The battle for narratives has affected the press in two different ways. Firstly, it has underscored the lack of transparency in obtaining reliable information. Secondly, it has made working in journalism in Egypt a more dangerous task, with dozens of members of the press currently detained. Earlier this summer the Committee to Protect Journalists said Egypt’s imprisonment of journalists was “at an all time high.” In August, Minister of Foreign Affairs Sameh Shoukry said that no journalists were being detained for press related charges.

However, there are many like photojournalist Mahmoud Abu Zeid, who was detained without charge for two years and now faces charges that include murder, who are being detained under tenuous accusations, some terror-related. And in a trial that garnered much international attention, two Al-Jazeera journalists were sentenced to three years in prison for “spreading false news,” a charge that was refuted during the trial itself by an independent panel of experts who examined the reporters’ coverage.

Reporting on Egypt’s volatile Sinai peninsula, where ISIS affiliates have launched numerous attacks on Egypt’s armed forces and police, has become nearly impossible, with access severely restricted. In a counterterrorism law issued over a month ago, the government forbade journalists from publishing or promoting news concerning acts of terrorism that contradict official statements made by the Ministry of Defense.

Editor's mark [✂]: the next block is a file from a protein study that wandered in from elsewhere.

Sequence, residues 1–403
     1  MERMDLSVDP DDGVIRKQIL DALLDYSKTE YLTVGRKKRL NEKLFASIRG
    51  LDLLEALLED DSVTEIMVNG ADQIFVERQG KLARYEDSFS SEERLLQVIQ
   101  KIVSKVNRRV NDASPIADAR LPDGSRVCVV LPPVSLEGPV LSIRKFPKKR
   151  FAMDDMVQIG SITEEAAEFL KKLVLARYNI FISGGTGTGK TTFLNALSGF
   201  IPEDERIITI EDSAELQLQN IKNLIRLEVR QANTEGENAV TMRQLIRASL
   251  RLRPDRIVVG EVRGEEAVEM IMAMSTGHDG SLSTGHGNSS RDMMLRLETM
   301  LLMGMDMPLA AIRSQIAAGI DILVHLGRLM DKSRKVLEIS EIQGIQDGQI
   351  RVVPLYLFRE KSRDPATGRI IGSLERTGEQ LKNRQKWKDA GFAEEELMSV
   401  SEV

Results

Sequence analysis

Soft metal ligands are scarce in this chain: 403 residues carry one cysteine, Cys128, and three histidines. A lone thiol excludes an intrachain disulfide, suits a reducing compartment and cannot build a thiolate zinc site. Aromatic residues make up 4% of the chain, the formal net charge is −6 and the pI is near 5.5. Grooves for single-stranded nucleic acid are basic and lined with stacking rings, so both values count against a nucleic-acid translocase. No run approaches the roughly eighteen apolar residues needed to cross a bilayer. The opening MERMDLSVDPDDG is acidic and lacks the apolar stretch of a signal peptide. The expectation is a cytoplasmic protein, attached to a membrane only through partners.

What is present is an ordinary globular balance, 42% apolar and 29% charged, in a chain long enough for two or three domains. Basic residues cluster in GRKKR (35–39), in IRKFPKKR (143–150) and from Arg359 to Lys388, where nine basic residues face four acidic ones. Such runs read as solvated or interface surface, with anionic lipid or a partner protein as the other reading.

Earlier this month when joint forces accidentally attacked a group of Mexican tourists and their Egyptian guides in the Western Desert, Shoukry promised the government would undertake a “transparent” probe to investigate what happened and who had been responsible. Shortly after, Egypt’s public prosecution issued a gag order on the investigation, banning the media from covering any details of the proceedings, aside from information officially disseminated from the prosecutor’s office. Gag orders have become commonplace for investigations into prominent cases including the assassination of the previous prosecutor general and the investigation of various activists for allegedly using foreign funding to “destabilize Egypt during the 25 January Revolution”

No criticism allowed

The Egyptian government has conveyed a high level of sensitivity towards criticism, both domestic and international. The Egyptian Ministry of Foreign Affairs has made it a habit to regularly respond to reports by Human Rights Watch. In June, it accused HRW of “supporting the practices of terrorism…and the perpetrators of acts of violence and intimidation.” Two months later, when HRW published a report on the anniversary of the violent dispersal of Rabaa Al-Adaweya, the foreign ministry once again accused the rights group of defending terrorism, dismissing its criticism as “absurd” and “lacking credibility.”

The Egyptian state has confronted some reports by the foreign press in the same manner, specifically calling out the New York Times’ reporting and editorials. The ministry also publicly attacked a report aired by CNN about the beheading of a Croatian by ISIS affiliates, saying it portrayed an “absurdly distorted image of chaos and rampant terrorism in Egypt.”

The government has also made it a habit of publicly rejecting criticism of many of the controversial court rulings over the past two years, including the Al-Jazeera case and a number of harsh sentences handed down in mass trials, touting the independence of the judiciary.

Egypt might one day develop a more fruitful political environment, but such a change will only come about when the Egyptian state allows for honest and transparent discourse to take place and when it allows the press to publish and distribute information without the threat of hassle or imprisonment.

The writer is a Cairo-based editor and former reporter for Daily News Egypt. He is a regular contributor to the Tahrir Institute for Middle East Policy and has also written for the Atlantic Council

Categories: Media, Rights, World